News analysis

Opposition spats in Malaysia miss opportunity, confuse voters

Parties should form alliance again if they want chance at ballot box amid discontent with BN govt: Analysts

KUALA LUMPUR • PAS president Abdul Hadi Awang insists on remaining in the opposition camp, yet also wants to work with ruling party Umno. PKR chief Wan Azizah Wan Ismail angered her party when she launched a new opposition pact without agreement from her senior colleagues. And DAP secretary-general Lim Guan Eng, it seems, has more venom these days for PAS than for Umno.

At a time when Prime Minister Najib Razak and his Umno party are in a political haze, the opposition parties are themselves in a maze of their own.

Welcome to the bewildering Lost World of Malaysian politics.

Datuk Seri Najib has been busy fending off attacks from his own party and the Barisan Nasional (BN) parties over state investment vehicle 1Malaysia Development Berhad (1MDB) and the US$700 million (S$980.7 million) discovered in his bank accounts.

There is high public discontent over rising costs of living, mostly caused by the 6 per cent goods and services tax introduced in April.

Malaysia's opposition leaders during better times in 2009, when they launched the Pakatan Rakyat alliance. With PKR's de-facto chief, Anwar Ibrahim (centre), behind bars, ties between the DAP's secretary- general Lim Guan Eng (left) and PAS president Abdul Hadi Awang (right) have deteriorated. PHOTO: REUTERS

The opposition, really, does not have to do much to get voters in the bag. Yet the opposition parties are busy fighting one another and are beset with internal tussles.

"It is unfortunate that the opposition is fighting among themselves when they are at an advantage now" against the Umno-led BN, said National University of Malaysia's senior fellow, Associate Professor Ahmad Nidzamuddin Sulaiman.

In Parti Islam SeMalaysia (PAS), the spat got so bad that a group of former leaders left in June to form the splinter Parti Amanah Negara.

Parti Keadilan Rakyat (PKR), which last year saw an internal fight for the Selangor chief minister's post, is riven by a shadowy tussle between those who support Datuk Seri Wan Azizah and those who back her deputy president, Mr Azmin Ali.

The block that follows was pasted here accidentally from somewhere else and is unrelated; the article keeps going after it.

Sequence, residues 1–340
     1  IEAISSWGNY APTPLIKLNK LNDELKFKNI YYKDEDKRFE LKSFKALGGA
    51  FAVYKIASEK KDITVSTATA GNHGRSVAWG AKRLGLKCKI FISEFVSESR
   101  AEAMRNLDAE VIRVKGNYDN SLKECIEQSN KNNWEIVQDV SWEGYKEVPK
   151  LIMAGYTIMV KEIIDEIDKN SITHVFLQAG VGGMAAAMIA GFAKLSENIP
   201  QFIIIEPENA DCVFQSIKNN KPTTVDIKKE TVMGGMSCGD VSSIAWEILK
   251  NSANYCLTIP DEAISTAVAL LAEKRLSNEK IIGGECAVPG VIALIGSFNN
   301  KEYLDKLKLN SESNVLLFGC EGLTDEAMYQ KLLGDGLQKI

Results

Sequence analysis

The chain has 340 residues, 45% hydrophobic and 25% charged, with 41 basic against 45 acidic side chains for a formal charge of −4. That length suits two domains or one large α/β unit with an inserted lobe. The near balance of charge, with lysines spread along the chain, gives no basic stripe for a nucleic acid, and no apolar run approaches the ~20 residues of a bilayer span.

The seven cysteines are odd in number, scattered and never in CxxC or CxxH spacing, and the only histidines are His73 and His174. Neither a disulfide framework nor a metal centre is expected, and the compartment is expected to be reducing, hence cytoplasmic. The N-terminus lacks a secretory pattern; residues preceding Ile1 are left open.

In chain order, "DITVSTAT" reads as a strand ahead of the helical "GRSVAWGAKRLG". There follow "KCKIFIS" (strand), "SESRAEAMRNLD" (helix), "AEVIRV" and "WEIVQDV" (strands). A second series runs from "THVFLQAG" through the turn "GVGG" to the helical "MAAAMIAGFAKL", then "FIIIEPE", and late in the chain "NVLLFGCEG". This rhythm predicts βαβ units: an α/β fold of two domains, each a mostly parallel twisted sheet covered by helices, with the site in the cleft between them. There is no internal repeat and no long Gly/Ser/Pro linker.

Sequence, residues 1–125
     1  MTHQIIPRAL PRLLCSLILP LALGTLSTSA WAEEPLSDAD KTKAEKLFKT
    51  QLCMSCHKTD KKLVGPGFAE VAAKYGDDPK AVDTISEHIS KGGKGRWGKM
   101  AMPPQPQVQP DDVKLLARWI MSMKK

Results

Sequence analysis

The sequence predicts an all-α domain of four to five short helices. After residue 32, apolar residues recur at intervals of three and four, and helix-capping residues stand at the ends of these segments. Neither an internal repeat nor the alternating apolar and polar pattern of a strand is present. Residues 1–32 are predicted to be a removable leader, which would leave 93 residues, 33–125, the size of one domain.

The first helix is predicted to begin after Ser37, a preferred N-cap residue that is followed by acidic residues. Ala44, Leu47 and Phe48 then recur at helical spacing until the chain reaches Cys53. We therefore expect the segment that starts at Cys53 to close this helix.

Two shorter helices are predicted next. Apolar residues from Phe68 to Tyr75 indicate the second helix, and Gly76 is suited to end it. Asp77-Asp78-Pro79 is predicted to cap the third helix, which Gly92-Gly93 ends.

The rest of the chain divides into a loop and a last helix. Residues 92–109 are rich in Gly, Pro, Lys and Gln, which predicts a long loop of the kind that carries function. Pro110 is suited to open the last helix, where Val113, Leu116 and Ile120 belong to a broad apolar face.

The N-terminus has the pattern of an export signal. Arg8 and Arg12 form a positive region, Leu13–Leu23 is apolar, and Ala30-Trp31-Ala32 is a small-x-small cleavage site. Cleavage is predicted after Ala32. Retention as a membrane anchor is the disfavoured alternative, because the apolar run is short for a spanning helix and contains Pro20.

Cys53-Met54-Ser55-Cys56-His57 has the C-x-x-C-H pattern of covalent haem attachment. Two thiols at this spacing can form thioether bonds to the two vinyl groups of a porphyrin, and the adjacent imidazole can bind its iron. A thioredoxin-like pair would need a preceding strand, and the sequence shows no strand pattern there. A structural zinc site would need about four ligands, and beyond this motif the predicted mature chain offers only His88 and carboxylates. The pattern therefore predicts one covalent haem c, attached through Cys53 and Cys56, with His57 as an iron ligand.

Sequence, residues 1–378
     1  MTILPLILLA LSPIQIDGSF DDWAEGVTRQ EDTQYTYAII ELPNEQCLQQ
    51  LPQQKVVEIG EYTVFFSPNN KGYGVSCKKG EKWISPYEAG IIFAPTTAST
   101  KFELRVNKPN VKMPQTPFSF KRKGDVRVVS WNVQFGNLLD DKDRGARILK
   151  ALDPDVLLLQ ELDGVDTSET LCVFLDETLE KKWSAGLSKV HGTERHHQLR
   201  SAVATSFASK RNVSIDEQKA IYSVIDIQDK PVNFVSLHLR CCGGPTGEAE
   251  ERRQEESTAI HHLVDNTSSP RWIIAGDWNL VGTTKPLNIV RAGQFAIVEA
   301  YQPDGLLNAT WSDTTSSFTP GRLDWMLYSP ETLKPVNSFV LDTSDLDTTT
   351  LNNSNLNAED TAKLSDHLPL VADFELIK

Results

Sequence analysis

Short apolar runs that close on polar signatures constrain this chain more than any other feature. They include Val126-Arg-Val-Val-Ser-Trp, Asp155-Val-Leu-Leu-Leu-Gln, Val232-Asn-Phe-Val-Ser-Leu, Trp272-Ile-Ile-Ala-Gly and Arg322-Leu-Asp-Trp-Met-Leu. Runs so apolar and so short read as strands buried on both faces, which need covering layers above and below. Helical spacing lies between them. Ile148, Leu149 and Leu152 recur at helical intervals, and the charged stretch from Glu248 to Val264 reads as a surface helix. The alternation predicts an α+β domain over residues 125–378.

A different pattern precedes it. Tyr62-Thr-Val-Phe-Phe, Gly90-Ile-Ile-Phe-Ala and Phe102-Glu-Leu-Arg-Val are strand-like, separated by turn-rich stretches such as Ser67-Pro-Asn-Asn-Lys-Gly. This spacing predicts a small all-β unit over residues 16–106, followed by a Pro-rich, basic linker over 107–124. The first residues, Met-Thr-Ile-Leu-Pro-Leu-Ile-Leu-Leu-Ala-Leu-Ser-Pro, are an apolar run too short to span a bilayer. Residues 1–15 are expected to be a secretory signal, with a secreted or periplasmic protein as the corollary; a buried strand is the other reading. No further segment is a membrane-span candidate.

Dr Wan Azizah made things worse when she helped launch the new Pakatan Harapan (Hope Alliance), or PH, group in September without agreement from the Azmin faction.

Excluded from PH, PAS is insisting that the previous Pakatan Rakyat is still intact though minus its former ally, the Democratic Action Party (DAP).

The PKR, torn between two lovers, wants to work with both PAS and DAP.

Confused? Most people are.

A simple way to look at what is happening is like this: The three main opposition parties of DAP, PAS and PKR are trying to sort out their game after big wins in the last two general elections, analysts say.

They now have three states - the DAP controls Penang, PKR leads in Selangor and PAS is holding on to Kelantan.

But there is realisation that winning federal power in the next national polls due in 2018 will be a mammoth task, especially as the superglue to the three parties, Anwar Ibrahim, is behind bars.

To its critics, each party has flaws if it stands on its own. PAS is too Islamic, DAP too Chinese-centric, and PKR has weak leadership and poor grassroots support.

Tired of overtures by PAS to work more closely with Umno, DAP's Selangor chief, Mr Tony Pua, said last Friday that it wants to put up candidates in 12 Selangor seats to fight the Islamic party.

PKR secretary-general Rafizi Ramli told The Straits Times that it makes more sense to avoid three- cornered fights as it would be detrimental to the opposition.

And what do voters think of all these twists and turns?

"I am very much at a loss on who to vote for, what with BN seen as so corrupt and the opposition is no better because they can't deliver to the people," Mr Lam Foo Tseng, 29, a voter in KL, told The Straits Times.

The opposition was too rushed in abandoning PAS and should compromise by forming an electoral pact again, said Professor Mohamed Mustafa Ishak from Malaysia's National Council of Professors.

"PH needs to get PAS into its fold or it might lose support from Malay heartland voters because PAS is still a trump card," he said.

"They need to focus on running the states they govern properly, better than BN".

A version of this article appeared in the print edition of The Straits Times on November 02, 2015, with the headline 'Opposition spats in Malaysia miss opportunity, confuse voters News analysis'. Print Edition | Subscribe